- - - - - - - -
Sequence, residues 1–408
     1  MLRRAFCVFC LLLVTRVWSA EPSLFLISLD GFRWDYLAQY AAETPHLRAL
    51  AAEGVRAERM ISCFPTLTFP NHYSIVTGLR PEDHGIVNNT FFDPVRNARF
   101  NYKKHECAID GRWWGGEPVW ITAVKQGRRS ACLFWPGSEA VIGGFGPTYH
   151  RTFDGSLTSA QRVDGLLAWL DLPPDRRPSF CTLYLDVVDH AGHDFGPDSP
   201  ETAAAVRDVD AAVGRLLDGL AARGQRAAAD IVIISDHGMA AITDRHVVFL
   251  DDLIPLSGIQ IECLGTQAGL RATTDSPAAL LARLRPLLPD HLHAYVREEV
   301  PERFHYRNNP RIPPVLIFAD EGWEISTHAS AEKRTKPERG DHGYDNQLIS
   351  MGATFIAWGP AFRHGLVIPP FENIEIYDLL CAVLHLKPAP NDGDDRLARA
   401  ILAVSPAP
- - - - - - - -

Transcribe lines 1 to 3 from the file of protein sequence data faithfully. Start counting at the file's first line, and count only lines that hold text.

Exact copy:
Sequence, residues 1–408
     1  MLRRAFCVFC LLLVTRVWSA EPSLFLISLD GFRWDYLAQY AAETPHLRAL
    51  AAEGVRAERM ISCFPTLTFP NHYSIVTGLR PEDHGIVNNT FFDPVRNARF